A. First Cause of Action: Violation of the First Amendment under 42 U.S.C. § 1983

          In its October 29, 2018 Order, the Court dismissed Plaintiff's allegations of a violation of the First Amendment under § 1983 with leave to amend. ECF No. 51 at 13. Plaintiff has now filed a SAC, reasserting the First Amendment claims against Defendant. After reviewing the SAC, the Court agrees with Defendant that Plaintiff's third attempt at stating a First Amendment prior restraint claim fails.

         The Court's October 29, 2018 Order held that Plaintiff's First Amendment § 1983 claim failed to identify the specific SJMC provisions at issue and thus failed to state a claim for relief under Rule 8. ECF No. 51 at 10. The Court warned that “failure to cure the deficiencies . . . will result in dismissal with prejudice of the claims.” Id. at 13.

         Here, Plaintiff alleges that various portions of the SJMC violate the First Amendment because of vagueness, overbreadth, and impermissible prior restraint. Specifically, Defendant moves to dismiss SJMC §§ 6.62.040, 6.62.360(B), 6.60.290, 6.60.370(L), 6.60.383(F), and 6.60.240, and moves to strike the SAC's allegations at paragraphs 55 and 63. Defendant, however, has chosen only to challenge Plaintiff's prior restraint theory by claiming that “Plaintiff's allegations regarding purported prior restraint are minimal and conclusory.” Mot. at 11. Thus, Plaintiff's constitutional challenges under the theories of vagueness and overbreadth are not addressed in this order. Mot. at 11; Reply at 1. The Court ultimately concludes that each of the challenged portions of the SJMC are not prior restraints and also that the SAC's allegations with regard to the challenged portions of the SJMC are conclusory, and thus do not meet Rule 8's pleading standard. Below, the Court will address each of the challenged subsections of the SJMC and the motion to strike certain SAC allegations in turn.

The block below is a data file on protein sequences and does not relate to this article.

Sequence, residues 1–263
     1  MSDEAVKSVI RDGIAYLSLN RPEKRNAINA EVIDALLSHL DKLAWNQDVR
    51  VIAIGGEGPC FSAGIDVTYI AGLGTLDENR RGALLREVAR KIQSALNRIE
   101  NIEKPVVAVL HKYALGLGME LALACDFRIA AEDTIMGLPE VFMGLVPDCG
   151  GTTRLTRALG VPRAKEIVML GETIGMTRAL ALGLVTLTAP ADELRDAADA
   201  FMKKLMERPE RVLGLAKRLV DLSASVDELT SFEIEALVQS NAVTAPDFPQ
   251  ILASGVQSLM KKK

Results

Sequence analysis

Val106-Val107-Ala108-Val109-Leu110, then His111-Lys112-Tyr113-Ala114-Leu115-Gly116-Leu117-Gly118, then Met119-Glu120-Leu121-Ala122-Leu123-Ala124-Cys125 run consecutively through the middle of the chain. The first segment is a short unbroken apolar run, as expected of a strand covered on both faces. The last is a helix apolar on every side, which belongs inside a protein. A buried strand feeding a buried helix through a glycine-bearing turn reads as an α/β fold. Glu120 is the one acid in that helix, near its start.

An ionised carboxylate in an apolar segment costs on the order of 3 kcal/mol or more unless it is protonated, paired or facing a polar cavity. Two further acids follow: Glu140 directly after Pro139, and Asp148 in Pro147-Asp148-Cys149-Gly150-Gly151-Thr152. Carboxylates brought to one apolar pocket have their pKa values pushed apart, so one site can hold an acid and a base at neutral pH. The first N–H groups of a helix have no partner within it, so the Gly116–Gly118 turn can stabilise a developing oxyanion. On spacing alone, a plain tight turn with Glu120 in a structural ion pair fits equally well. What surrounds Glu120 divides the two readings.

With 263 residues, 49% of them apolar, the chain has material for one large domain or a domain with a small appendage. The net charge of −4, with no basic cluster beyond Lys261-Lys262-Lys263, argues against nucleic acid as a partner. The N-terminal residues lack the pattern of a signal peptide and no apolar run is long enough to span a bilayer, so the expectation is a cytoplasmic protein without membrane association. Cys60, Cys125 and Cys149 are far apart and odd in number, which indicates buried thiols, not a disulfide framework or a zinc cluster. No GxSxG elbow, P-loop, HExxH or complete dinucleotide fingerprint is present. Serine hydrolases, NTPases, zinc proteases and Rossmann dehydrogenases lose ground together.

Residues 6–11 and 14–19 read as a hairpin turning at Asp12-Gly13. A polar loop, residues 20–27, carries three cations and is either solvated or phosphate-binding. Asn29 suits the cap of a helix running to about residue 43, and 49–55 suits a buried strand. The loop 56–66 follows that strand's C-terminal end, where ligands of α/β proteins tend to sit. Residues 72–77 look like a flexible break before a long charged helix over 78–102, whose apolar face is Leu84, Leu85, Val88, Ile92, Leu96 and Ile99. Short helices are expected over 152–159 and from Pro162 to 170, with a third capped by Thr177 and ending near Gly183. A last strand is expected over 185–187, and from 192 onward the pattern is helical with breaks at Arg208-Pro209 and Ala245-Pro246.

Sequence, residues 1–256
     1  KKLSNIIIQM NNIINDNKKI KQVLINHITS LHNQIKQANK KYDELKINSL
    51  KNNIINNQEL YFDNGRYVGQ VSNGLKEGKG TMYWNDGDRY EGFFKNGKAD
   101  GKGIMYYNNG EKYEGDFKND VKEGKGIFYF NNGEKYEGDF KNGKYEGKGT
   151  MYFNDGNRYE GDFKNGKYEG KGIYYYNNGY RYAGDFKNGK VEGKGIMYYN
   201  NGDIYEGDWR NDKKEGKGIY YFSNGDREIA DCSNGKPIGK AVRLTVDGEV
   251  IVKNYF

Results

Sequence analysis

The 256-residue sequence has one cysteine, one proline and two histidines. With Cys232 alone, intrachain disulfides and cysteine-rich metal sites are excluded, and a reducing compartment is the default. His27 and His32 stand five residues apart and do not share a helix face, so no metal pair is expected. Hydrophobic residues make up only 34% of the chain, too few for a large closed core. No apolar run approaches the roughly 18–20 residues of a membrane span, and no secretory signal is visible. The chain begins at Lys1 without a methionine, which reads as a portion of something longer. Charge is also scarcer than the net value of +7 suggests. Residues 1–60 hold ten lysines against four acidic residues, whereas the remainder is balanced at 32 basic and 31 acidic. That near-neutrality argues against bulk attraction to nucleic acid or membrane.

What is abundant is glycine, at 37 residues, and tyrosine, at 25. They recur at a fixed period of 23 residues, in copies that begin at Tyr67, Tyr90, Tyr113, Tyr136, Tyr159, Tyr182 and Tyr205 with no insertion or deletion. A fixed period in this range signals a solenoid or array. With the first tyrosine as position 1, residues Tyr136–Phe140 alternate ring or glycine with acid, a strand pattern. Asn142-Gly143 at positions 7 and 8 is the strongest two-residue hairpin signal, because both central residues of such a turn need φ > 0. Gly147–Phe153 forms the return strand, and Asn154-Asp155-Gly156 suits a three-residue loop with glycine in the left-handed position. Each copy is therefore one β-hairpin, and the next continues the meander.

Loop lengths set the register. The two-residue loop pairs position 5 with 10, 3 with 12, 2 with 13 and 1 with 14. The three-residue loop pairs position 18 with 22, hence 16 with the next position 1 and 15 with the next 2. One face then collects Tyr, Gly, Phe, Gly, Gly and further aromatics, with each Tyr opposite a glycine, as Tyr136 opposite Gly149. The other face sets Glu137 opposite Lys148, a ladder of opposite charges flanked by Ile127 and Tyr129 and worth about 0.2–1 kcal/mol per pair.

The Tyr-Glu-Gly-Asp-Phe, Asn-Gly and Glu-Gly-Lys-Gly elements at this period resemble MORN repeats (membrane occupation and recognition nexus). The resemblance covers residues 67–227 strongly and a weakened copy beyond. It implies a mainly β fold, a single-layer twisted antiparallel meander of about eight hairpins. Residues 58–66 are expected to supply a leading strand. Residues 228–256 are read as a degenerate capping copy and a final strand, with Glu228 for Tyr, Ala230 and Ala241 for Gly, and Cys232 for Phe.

1. SJMC § 6.62.040

         SJMC § 6.62.040 defines “event promoter” as any person who:

1. Is directly or indirectly responsible for the promotion of an event as evidenced by activities such as, but not limited to contracting with the principals, selecting entertainment, advertising or otherwise holding out the event to members of the general public, inviting participants to the event, renting or controlling the event site, or serving as a designated on-side representative while the event is occurring as provided in Section 6.62.350 of this chapter; and 2. In exchange for engaging in the promotion of the event, as described in Section 6.62.040A.1., directly or indirectly receives or shares in any of the following:
a. Admission or entrance fees paid by participants or spectators;
b. Compensation, consideration or other revenue from sponsors, private donors or managers and/or owners of the event site; or c. Revenues from concessions or other sales at the event.